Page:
Tuesday, January 1, 2008

Too Much Scanning!!

With all due respect to many of my radiology friends, I came across a great article about the OVERUSE of CT scans in medical practice today. It is in Time and written by a physician (http://www.time.com/time/health/article/0,8599,1698163,00.html).

As most of the physicians who read this blog can attest to, physical exam is all but dead among the new trainees in medicine. Abdominal pain used to incite a thorough physical exam for signs of rebound tenderness, guarding, pitch of the bowel sounds, examination for tenderness at McBurney's point, Rovsing's sign, and percussion throughout the abdomen. Now, abdominal triggers the immediate ordering of a CT scan.

There are so many problems with this new paradigm. First, the art of the physical exam is lost, thus trainees will be ill-prepared to ever practice medicine in a society that does not have the resources of the United States. Secondly, the cost of the unnecessary tests is an additional heavy burden on total health care expenditures, thus driving up insurance premiums even further for many Americans. Third, as Dr. Haig points out in the Time article, the patient is exposed to a hefty dose of radiation, which may result in the development of malignancies over time (remember, several patients receive MULTIPLE CT scans in the course of care, not just one).

And, as a recent Yale med grad, Christoph Lee points out with his recent publication (http://www.ajronline.org/cgi/content/abstract/187/2/282) on a survey of radiology chairmans at US academic medical institutions, radiation risk was explained at only 15% of the 91 sites, and only 9% of sites informed patients of alternatives to CT. At least give the patient all of the information to make an informed decision!! Another sad state of affairs in the gluttonous United States.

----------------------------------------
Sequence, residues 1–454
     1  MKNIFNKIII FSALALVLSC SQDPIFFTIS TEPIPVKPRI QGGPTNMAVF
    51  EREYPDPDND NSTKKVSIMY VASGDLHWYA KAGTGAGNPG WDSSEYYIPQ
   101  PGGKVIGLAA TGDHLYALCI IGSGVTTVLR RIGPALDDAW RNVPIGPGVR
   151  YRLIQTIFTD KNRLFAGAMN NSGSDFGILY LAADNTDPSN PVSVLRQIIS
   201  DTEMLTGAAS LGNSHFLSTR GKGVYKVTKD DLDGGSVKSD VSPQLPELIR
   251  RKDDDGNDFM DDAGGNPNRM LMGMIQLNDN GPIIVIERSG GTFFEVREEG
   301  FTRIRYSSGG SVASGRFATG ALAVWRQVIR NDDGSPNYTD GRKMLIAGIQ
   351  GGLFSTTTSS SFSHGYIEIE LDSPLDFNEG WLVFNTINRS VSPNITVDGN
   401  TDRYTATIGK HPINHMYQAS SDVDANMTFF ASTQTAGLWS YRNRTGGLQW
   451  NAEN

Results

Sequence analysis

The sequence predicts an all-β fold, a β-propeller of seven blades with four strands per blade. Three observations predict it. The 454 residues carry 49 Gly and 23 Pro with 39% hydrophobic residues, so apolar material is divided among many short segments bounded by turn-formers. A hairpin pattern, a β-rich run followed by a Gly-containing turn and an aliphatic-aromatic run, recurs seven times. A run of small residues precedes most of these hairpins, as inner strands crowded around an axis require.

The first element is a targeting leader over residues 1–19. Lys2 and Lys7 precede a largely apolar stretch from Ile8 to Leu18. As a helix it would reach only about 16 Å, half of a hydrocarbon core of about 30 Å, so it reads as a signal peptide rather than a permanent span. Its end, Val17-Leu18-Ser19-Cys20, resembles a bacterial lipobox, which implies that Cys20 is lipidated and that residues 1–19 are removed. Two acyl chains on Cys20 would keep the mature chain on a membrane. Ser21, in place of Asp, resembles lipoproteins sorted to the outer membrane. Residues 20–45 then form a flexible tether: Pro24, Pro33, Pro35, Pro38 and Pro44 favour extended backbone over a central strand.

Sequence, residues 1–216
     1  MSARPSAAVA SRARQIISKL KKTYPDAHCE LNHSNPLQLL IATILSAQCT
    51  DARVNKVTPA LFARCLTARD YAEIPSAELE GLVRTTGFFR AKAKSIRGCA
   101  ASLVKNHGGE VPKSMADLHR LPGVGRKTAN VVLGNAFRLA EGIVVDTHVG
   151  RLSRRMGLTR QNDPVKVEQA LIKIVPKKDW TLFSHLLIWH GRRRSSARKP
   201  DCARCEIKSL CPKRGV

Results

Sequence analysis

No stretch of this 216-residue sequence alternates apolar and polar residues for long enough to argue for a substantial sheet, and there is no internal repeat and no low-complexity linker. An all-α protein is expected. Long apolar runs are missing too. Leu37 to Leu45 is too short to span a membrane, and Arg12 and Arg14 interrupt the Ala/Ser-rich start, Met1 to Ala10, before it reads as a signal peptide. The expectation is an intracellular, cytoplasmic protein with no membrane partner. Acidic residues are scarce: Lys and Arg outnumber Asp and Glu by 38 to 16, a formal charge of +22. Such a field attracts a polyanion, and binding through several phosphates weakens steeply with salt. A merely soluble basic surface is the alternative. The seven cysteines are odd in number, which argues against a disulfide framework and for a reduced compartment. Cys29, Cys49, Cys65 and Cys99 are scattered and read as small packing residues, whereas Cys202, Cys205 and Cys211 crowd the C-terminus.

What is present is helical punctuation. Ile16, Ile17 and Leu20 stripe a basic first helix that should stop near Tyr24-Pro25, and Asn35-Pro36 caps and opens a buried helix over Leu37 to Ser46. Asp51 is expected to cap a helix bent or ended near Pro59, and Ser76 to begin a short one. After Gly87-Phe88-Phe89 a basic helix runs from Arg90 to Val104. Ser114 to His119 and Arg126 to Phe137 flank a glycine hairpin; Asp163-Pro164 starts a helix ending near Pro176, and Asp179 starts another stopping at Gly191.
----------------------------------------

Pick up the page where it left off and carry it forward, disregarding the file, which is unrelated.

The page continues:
1 comment:

Will said...

Steve -- this is an interesting issue...I have a few comments:

The amount of scanning is absurd, there's no doubt. Remember when Howie (or was it Krumholz) would tell us about cardiologists buying their own echo machines and then referring all their own patients to their shiny new machine to keep the thing constantly busy at some ungodly medicare reimbursement rate?!?! I'm sure some of these MDs believe they're doing it in the patients' best interest but still, unforgiveable.

But how do we fix this? Clearly, cases like the one above are easy targets -- Medicare fraud is on everyone's radar now. Some things are more subtle in the reimbursement realm though and Medicare is a little slower to catch stuff like appropriate interval for repeat colonoscopy (we're referring medicare VA patients to a private clinic and almost all come back w/ a five-year return referral regardless of how normal). I don't see how to standardize all this without single payor. But OH! the horror! of having to wait TWO MONTHS for the MRI of your knee that's been bothering you for 5 years.